My daughter, like most fourteen-year-old girls, is obsessed with friends. In my daughter’s case, she’s desperate to HAVE some friends, since the friends she manages to make, she also manages to alienate.
Last week in English class she and a partner were directed to interview each other to get to know each other better. My daughter asked her partner things a typical 9th-grade girl would ask: “What’s your favorite book?” “Do you have any brothers or sisters?”
When it was my daughter’s turn to be interviewed, she managed to get her partner to ask her, “What’s the worst thing that’s ever happened to you?” And then my daughter proceeded to tell the heavy, sad story of being taken away from her birth parents. Way too much information on a sunny Tuesday morning when you’re just getting to know someone.
This all came up when my daughter started crying at horse therapy later that day. She said she was crying because she had been talking about her birth parents at school. When I asked her what had made her talk about them at school, the whole story came out.
My daughter admitted that she likes getting attention for the story. She likes people feeling sorry for her, and it makes her feel special to have such a sad story. I reminded her that this was what her therapist said was pushing her friends away; that Kaelyn needs to deal with her own sad feelings instead of pushing them onto other people, because this turns people off.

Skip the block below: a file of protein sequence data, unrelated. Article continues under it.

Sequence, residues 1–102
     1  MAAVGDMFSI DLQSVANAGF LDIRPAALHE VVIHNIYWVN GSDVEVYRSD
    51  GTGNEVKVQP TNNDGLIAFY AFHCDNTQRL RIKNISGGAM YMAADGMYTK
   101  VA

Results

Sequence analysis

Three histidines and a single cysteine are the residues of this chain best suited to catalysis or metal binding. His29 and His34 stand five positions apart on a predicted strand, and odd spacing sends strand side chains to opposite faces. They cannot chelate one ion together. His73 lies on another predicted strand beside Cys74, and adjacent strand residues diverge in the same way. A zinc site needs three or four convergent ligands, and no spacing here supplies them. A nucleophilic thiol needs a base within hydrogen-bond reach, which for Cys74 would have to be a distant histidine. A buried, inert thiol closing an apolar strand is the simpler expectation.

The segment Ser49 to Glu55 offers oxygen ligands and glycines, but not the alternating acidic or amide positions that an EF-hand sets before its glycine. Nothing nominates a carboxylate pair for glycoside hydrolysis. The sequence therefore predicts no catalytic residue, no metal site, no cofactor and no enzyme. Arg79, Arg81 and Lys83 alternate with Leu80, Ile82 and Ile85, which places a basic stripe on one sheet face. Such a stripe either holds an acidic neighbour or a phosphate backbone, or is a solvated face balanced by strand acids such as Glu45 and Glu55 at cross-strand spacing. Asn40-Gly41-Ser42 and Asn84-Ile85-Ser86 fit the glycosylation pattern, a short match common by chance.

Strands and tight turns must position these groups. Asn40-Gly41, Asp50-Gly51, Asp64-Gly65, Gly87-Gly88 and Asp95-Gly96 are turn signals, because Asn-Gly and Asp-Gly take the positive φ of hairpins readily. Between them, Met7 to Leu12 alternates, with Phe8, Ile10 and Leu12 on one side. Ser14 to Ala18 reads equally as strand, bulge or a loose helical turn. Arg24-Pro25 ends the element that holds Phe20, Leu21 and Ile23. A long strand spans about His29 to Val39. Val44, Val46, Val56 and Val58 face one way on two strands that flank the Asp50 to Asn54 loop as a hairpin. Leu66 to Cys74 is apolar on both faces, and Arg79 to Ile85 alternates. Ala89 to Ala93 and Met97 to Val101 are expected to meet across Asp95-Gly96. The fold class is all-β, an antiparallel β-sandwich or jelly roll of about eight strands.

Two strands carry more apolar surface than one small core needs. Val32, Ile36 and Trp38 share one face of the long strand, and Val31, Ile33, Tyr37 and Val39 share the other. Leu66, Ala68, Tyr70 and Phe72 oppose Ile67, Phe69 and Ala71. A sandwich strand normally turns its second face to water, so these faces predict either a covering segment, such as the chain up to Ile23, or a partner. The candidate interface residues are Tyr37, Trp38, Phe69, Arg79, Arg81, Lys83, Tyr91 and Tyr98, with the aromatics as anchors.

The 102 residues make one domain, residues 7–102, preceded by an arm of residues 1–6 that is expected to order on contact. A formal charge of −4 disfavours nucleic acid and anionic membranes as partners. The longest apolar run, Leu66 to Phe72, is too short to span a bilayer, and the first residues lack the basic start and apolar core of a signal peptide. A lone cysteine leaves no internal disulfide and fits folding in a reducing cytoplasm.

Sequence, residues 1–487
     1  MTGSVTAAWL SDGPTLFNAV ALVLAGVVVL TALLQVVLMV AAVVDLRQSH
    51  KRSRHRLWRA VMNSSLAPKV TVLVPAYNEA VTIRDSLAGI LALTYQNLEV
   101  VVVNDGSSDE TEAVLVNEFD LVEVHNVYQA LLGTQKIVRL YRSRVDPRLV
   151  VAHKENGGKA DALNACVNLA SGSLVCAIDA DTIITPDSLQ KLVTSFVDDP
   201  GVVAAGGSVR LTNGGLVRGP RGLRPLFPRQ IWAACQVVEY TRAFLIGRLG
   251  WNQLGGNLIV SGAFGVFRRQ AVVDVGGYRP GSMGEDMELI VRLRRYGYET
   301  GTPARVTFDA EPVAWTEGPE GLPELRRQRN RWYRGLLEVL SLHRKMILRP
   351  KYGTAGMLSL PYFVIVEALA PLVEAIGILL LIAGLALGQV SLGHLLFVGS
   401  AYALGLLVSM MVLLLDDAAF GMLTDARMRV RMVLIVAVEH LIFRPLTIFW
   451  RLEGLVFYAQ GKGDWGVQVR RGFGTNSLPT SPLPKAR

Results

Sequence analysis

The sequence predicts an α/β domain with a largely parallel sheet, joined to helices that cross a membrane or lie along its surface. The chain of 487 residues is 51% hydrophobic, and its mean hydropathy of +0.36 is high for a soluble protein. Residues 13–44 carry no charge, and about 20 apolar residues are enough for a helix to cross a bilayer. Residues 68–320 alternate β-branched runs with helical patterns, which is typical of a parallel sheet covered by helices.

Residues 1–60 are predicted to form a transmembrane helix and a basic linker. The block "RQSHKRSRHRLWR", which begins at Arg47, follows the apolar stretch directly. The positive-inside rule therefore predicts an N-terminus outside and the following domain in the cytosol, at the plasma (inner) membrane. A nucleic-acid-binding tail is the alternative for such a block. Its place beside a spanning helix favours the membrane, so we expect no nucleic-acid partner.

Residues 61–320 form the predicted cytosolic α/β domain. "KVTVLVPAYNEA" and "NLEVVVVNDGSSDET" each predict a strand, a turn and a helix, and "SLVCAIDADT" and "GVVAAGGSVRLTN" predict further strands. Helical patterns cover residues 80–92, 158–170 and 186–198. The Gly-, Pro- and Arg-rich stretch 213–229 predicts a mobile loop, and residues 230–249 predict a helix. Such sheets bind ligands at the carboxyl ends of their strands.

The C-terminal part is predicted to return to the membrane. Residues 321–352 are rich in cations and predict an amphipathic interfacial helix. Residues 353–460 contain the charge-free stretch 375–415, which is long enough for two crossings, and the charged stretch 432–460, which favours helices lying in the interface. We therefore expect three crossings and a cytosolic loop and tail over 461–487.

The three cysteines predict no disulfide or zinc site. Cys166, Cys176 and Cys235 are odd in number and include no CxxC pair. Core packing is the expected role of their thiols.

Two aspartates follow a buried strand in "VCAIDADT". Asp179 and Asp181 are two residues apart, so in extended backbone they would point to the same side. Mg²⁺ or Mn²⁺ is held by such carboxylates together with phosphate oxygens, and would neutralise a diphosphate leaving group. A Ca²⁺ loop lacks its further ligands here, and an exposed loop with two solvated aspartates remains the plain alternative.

So the next day at therapy, the counselor started teaching Kaylyn about empathy– caring more about other people’s feelings than she does about her own. She gave her the homework of paying attention to what is important to her friends this week, whether it’s their birthday or if something good is happening in their life. I was skeptical that Kaylyn, knowing her as I do, could accomplish this, so I added, “You really have to mean it when you’re showing interest in your friends. You can’t just pretend to be interested so they’ll like you.”
And then a funny thing happened. Therapy stirred up “mad” feelings for Kaylyn, she broke the rules, lied about it and had a temper tantrum. I didn’t handle it very well and had to apologize to her the next day. I really did feel awful about getting so mad at her and even though I tried hard not to, I started crying when I was apologizing to my daughter. When she spontaneously reached out and put her hand on my hand, I was so startled that I laughed, because if that’s not empathy, I don’t know what is.
Just when I’m ready to be discouraged and lower my expectations, my daughter shows me a flash of real empathy. And the even funnier thing is, we are closer since that happened. We seem to be enjoying each other more and feeling more comfortable with each other. Hope is rearing its perpetually optimistic head again.
Photo credit: http://www.sxc.hu/avolore